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In Sidney, the documentary about the life and career of Sidney Poitier, the actor sits in front of a minimal gray background and addresses the camera directly. The footage gives the effect that Poitier is recounting his life story directly to the audience and is particularly affecting given that the screen legend passed away at the beginning of this year at the age of 94.
The interview itself is several years old and was captured by Oprah Winfrey, who acts as an executive producer on the movie. For Sidney director Reginald Hudlin, who signed on to the project not knowing the footage where Poitier talks about his birth story, upbringing in the Bahamas and entry into entertainment in New York City existed, the access was near miraculous. He says, “We were always like, ‘We can do this.’ But then we like, ‘Oh, we can really do this.’”
Sidney is meant to take the full measure of his life. Talking heads include everyone from Denzel Washington to Barbra Streisand, as well as Poitier’s children and both of his wives, Juanita Hardy and Joanna Shimkus.
Ahead of the doc’s TIFF debut and a Sept. 23 bow on AppleTV+, Hudlin talked to THR about documenting Poitier’s political activism, friendship with Harry Belafonte, and not wanting to eulogize: “Fortunately, Sidney was given his flowers when he was alive.”
What was your personal relationship with Sidney Poitier?
When I signed on for this, I started thinking about what Sidney Poitier means to me and I realized he’s such an integral part of my cultural DNA. He’s sort of inseparable from my definition of mad, of Black manhood, of movies. He’s just always been there. Watching him and everything he did is something I have done my whole life. It was such a part of my life that it was not even a conscious thought. It was like breathing air.
How did Sidney, the movie, come along?
I got contacted by Network Entertainment who had done a deal with the Poitier family to do the first-ever documentary on the life of Sidney Poitier. We had a lunch with the family, and I was pretty straightforward. I talked about my deep love for Sidney Poitier but I said, “Look, we can’t just make a puff piece. We have to really tell his whole life.” And I asked about some things that I thought might be sensitive areas and they said, “No, no, no. Tell the whole story.”
Did you begin production immediately?
We were shopping it around first and it wasn’t like people were immediately jumping on board the train, I have to say. In retrospect you go, “Really?” So, we said let’s call Oprah Winfrey because she loves Poitier. So, we said, “Let’s call Oprah.” She’s such a Sidney Poitier historian. Oprah was immediately like, “Of course.” She knows everything about his life and, more importantly, she had seven hours of interview footage of Sidney, where he’s talking directly to the camera and telling his story.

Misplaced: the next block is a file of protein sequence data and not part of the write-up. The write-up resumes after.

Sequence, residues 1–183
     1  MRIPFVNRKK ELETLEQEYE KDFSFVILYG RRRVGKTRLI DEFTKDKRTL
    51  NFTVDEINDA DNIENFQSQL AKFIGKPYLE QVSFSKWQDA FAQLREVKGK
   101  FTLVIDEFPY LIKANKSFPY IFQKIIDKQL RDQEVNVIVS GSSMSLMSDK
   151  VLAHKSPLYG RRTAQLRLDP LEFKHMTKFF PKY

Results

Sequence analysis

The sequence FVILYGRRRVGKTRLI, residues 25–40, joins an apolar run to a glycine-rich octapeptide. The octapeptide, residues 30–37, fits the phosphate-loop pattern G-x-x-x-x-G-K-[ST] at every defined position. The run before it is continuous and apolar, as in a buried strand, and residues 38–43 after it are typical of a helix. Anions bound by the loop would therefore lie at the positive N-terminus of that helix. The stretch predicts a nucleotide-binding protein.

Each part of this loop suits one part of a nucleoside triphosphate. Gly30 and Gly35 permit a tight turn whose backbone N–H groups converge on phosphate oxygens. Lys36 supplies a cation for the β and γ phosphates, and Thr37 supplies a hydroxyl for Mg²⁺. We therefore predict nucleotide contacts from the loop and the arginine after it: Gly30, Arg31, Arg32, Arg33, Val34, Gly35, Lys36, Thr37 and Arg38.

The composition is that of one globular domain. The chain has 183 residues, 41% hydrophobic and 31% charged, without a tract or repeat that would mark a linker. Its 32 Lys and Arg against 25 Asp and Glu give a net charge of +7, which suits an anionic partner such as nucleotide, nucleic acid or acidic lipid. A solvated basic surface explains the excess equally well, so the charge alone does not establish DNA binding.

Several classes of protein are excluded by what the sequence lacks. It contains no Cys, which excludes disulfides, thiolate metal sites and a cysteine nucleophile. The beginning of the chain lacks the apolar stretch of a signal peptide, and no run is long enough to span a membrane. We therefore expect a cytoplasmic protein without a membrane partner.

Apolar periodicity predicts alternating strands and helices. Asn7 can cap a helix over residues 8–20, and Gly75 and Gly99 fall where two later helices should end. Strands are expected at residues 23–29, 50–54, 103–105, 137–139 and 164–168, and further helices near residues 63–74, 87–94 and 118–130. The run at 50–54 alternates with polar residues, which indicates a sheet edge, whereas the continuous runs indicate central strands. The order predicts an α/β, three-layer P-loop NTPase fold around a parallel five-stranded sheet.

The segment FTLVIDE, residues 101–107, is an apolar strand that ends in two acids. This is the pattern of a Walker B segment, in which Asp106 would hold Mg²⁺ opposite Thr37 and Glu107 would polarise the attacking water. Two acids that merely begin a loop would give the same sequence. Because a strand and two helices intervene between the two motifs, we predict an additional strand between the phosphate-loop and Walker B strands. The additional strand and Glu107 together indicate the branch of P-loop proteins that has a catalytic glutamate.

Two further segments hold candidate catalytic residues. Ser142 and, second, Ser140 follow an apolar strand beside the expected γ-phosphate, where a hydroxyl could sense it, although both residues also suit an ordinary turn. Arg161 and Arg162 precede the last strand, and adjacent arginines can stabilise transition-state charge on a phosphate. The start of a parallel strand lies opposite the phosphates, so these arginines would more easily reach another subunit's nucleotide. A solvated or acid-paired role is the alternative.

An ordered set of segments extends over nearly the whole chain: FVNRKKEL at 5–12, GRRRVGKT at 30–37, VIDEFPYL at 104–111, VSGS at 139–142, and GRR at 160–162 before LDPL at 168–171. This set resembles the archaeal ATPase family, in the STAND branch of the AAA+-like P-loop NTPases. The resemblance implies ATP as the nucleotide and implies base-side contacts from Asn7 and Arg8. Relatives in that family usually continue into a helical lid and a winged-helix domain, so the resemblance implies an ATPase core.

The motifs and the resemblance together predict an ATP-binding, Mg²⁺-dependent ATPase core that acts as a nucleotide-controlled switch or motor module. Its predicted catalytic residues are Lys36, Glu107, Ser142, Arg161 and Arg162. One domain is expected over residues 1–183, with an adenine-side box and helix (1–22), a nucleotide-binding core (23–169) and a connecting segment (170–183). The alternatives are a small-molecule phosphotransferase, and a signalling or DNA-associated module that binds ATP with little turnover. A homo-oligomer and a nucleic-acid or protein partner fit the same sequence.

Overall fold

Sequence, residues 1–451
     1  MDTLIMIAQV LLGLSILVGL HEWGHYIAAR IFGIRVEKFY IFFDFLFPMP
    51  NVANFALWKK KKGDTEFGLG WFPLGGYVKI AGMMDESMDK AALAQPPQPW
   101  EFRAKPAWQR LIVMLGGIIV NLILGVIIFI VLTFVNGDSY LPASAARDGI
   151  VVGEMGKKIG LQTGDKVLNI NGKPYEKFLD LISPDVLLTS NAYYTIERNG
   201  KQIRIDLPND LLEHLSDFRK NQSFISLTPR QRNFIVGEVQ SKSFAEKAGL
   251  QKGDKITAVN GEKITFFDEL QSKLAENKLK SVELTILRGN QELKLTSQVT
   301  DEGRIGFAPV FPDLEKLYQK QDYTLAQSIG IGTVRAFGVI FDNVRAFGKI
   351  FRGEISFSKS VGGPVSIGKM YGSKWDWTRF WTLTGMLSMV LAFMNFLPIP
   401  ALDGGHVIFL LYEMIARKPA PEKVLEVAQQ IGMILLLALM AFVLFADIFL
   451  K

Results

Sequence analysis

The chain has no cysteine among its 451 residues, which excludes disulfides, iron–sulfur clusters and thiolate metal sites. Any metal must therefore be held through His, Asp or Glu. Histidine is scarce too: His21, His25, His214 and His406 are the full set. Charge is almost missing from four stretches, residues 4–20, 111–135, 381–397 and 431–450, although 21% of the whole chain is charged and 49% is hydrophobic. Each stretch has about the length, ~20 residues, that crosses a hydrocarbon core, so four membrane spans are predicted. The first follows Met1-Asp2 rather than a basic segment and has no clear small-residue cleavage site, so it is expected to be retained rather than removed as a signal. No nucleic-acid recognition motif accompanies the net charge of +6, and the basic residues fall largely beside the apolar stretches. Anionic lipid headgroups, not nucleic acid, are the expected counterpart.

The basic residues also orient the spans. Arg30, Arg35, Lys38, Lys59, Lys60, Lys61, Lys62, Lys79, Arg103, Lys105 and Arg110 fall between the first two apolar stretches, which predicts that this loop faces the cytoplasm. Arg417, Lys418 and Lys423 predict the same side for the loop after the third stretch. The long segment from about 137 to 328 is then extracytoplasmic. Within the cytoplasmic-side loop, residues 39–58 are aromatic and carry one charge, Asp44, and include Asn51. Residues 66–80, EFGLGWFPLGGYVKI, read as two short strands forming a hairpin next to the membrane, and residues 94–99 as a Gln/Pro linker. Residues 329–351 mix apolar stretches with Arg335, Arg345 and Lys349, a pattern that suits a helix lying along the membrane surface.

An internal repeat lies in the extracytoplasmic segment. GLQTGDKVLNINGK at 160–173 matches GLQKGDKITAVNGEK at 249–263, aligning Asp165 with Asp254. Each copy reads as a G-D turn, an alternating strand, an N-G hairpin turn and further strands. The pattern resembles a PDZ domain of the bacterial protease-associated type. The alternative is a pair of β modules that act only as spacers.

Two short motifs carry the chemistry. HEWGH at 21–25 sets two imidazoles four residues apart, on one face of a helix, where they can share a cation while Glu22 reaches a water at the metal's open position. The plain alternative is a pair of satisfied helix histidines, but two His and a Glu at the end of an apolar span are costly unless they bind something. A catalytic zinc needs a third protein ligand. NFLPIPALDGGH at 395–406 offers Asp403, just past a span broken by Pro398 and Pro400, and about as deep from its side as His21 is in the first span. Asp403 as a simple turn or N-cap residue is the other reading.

So, you were heading into the doc thinking it would largely be archival.
There were other ways to include his voice. I knew we had the audiobooks, but that [footage] changed everything.
Was this footage just lying around?
She has had Sidney on her show several times and she has all kinds of shows — I mean, she has her own network. And she does what I would do, which is to say, “Hey, I’ve got a great person here. Let’s get this, now.”
Was the plan always to document the entirety of his life or did you ever consider focusing on a specific window of time?
There are these people who live very long lives and every year their life is consequential. There is no year where it’s like, same old same old. No, they made history every year. So, we had to tell the whole story. Sidney’s birth is so consequential; the circumstance under which he is born is incredible and his teenage years are incredible. The issue is what do you leave out. There’s a feeling that you can get when you do this, where you think I have got to tell it all. We’re living in a post-literate society. Even though he’s written two autobiographies, this movie 30 or 50 years from now may be the primary text. So you think, if we don’t put it all in, then the culture loses this information. There’s no documentation that Sidney Poitier exists until he was near adult. It’s not like there are baby pictures of him. He lived in a world where there was no electricity, there was no running water. When he gets to New York, he finally enters the public record. So, the testimony by himself and from his family is crucial.